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Religion usually stirs up strong emotions.

Religion is more often experienced with


the heart, rather than the head – and why not? Faith is not governed by intellect,
but by a perception that there is a higher power guiding us; and it is not given
to us mere mortals to question it. This can have dangerous ramifications, of
course; particularly for the weak minded. Mindless faith is often the
justification for acts no religion could condone – suicide bombings and the murder
of innocents, for example. Sometimes the backlash is less violent, more benign;
but it is a form of fanaticism nonetheless.

The above diatribe was prompted by the news that, last Thursday, for the first
time in its history, the US Senate was opened with the invocation of a Hindu
prayer. Let me clarify straight away that, although I am from India, I am not a
Hindu. So I can view this episode with a certain detachment. The prayer was brief
– just an incantation, really – and was not accompanied by elaborate rituals. In
short, it was no big deal and, by itself, would have merited a couple of column-
inches in the back pages of newspapers.

The reason it made headlines was that the prayer was noisily interrupted by
Christian activists, belonging to an organization that calls itself Operation Save
America. The group later issued a statement confirming that three of its members
were all arrested in the cham¬bers of the US Senate "as that chamber was violated
by a false Hindu god". The statement continued, “"The Senate was opened with a
Hindu prayer, placing the false god of Hinduism on a level playing field with the
One True God, Jesus Christ. This would never have been allowed by our founding
fathers." Presumably they have an inside line to the founding fathers.

I do not want to get into a discourse here, about the relative merits of different
religions, but I am always a little perturbed by intolerance. In terms of scale,
this protest does not remotely compare to the atrocities perpetrated by Islamic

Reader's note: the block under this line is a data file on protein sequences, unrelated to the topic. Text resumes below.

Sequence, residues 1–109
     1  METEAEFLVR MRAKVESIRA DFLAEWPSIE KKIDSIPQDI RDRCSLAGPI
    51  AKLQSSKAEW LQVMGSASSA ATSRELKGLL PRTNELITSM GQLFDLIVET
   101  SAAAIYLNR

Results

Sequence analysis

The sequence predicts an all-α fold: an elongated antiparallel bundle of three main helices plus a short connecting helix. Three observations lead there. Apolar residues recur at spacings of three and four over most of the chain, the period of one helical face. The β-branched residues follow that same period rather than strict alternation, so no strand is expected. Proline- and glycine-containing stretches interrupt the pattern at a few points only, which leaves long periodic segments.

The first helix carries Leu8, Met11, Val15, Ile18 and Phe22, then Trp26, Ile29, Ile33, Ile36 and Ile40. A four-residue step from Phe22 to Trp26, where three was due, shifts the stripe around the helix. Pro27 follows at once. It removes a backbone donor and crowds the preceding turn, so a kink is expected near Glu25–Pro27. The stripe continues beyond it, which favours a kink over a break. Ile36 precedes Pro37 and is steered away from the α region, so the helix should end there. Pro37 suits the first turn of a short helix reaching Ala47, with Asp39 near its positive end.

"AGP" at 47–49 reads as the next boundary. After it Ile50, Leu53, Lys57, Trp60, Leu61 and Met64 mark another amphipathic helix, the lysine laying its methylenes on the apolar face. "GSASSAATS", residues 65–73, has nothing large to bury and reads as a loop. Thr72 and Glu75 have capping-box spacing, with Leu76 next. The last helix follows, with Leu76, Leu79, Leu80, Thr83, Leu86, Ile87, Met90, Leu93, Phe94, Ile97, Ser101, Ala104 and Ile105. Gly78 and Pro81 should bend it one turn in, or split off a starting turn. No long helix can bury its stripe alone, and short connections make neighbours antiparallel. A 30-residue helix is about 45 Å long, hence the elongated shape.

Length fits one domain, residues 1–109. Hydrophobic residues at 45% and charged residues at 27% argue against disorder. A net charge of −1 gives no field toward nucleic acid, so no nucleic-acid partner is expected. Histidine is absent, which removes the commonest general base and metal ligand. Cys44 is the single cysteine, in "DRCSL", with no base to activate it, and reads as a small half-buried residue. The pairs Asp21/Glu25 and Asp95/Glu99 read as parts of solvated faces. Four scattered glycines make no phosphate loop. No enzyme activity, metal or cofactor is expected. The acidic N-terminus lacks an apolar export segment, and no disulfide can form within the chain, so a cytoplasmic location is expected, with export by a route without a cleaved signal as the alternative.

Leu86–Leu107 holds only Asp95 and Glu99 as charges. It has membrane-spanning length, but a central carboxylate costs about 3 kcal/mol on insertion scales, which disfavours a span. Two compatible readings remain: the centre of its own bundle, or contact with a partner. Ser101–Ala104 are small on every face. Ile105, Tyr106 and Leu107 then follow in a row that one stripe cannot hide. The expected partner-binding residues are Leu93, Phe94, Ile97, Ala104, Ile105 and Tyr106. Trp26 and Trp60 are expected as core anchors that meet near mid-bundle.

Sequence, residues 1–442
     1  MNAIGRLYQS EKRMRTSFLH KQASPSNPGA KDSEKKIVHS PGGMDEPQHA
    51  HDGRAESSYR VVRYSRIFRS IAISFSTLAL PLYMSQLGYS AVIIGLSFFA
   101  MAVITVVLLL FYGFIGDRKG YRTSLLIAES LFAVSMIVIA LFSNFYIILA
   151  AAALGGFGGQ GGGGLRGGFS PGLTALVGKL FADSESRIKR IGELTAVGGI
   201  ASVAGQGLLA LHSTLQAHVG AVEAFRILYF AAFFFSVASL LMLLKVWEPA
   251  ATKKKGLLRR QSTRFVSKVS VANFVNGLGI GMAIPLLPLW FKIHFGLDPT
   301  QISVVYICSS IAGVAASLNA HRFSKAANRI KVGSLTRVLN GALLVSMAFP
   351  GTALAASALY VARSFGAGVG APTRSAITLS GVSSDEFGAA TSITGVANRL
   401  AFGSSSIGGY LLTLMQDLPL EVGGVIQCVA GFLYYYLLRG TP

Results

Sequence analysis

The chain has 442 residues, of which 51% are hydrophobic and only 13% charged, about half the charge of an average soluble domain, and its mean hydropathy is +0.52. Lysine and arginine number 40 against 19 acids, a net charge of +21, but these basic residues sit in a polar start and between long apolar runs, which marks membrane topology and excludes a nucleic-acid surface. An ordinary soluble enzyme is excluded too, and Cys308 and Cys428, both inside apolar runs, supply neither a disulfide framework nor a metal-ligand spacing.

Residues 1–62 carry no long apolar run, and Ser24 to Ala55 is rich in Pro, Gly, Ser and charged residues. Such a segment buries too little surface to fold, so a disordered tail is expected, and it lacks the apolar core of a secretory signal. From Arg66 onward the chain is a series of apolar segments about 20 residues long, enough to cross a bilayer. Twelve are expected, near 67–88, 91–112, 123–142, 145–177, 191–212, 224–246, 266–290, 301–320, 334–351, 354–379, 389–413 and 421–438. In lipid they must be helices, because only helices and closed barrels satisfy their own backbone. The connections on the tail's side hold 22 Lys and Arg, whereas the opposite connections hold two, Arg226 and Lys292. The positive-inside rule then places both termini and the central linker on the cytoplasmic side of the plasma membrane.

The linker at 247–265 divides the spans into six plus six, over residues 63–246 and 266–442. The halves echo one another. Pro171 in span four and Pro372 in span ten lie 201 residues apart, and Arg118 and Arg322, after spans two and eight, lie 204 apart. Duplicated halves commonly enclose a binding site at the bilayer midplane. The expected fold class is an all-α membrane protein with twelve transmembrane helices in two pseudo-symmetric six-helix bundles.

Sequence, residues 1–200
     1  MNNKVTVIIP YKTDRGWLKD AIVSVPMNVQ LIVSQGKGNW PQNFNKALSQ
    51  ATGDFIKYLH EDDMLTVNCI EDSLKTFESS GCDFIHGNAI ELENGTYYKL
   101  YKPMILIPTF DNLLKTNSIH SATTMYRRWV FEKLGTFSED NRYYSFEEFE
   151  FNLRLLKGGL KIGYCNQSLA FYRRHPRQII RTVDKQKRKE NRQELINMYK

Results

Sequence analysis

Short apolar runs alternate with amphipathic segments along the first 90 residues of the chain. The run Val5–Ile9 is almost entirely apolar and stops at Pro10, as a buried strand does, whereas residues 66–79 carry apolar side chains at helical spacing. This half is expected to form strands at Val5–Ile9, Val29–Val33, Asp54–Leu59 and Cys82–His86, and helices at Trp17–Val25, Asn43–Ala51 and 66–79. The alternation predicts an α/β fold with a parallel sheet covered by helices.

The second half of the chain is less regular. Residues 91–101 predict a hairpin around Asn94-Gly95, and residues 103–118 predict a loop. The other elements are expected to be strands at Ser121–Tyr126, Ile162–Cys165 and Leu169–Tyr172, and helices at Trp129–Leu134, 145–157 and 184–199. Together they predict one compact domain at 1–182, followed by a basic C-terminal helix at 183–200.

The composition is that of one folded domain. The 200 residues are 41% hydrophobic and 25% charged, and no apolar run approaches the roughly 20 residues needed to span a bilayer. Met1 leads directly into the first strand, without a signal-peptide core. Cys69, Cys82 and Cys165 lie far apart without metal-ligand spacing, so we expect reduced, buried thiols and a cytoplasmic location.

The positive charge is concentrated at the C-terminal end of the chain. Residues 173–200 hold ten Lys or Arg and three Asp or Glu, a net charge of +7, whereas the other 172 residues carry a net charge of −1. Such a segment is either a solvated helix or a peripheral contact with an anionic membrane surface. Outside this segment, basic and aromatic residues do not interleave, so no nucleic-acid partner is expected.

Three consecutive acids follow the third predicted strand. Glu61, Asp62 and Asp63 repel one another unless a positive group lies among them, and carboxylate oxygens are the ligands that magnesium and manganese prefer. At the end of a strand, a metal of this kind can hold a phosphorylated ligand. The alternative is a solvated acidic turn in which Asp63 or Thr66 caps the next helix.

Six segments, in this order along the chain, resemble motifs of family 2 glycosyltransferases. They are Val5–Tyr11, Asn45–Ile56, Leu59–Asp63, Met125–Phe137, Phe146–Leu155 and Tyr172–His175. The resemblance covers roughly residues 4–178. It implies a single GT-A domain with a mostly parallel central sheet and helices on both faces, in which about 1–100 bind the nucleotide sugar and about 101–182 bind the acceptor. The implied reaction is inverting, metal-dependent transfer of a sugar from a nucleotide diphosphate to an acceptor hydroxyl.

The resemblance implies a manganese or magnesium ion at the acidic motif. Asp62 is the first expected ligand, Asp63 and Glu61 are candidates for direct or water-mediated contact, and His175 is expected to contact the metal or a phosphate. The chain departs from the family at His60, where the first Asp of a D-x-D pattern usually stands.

fundamentalists. However, I would respectfully submit that the breeding ground for
any kind of fanaticism is intolerance for others’ beliefs: only the magnitude
differs.

I realize and appreciate that the fact that the US Senate even considered inviting
a Hindu priest to their chambers speaks highly of American values. Something like
this would be inconceivable in any Muslim nation, of course. So when an altruistic
action is disrupted in the name of religion, it is doubly disturbing. And it was,
in fact, deplored by the organization, Americans United for Separa¬tion of Church
and State, which said the incident showed the in¬tolerance of many religious
rights activists. As their executive di¬rector, Rev Barry Lynn, put it, "They say
they want more religion in the pub¬lic square, but it's clear they mean only their
religion."

The US Senate justified their decision to invite the Hindu priest by stating that
it has always hon¬ored the historic separation of the church and the state, but
not the separation of God and state. Their website stated, “All sessions of the
Sen¬ate have been opened with prayer, strongly affirming the Senate's faith in God
as sover¬eign Lord of our nation..." Most years, the Senate chaplain delivers the
opening invocation, but some¬times guest chaplains are in¬vited from all over the
country to read the prayer. Although priests from other faiths such as Islam and
Judaism have de¬livered prayers in the Con¬gress, this is the first time that
Hindu invocations were deliv¬ered on the Senate floor.

My take on this affair is: why open the Senate with a prayer at all? I am all in
favor of invoking God’s name on any occasion. What I find a bit puzzling – as an
outsider - is how the US has regulated this issue. On the one hand, it is official
national policy to separate church and state. Prayers of any faith – or any
denomination – are not allowed in schools; and a sculpture depicting the Ten
Commandments, put up in front of a courthouse, was frowned upon. On the other
hand, witnesses in court trials are required to swear on a religious book; and
oaths of office always end with the words “so help me God.” Why this dichotomy?

In my personal opinion, religion is – or should be – an intensely personal


communion between an individual and his Maker. Why should the government interfere
at all? Some would argue that separation of church and state was mandated by
America’s Founding Fathers. Fair enough; but remember that the Founding Fathers
lived in a vastly different era. Besides, there have been numerous Amendments to
the Constitution over the past decades. It is not cast in stone – nor was it meant
to be. It is something to think about.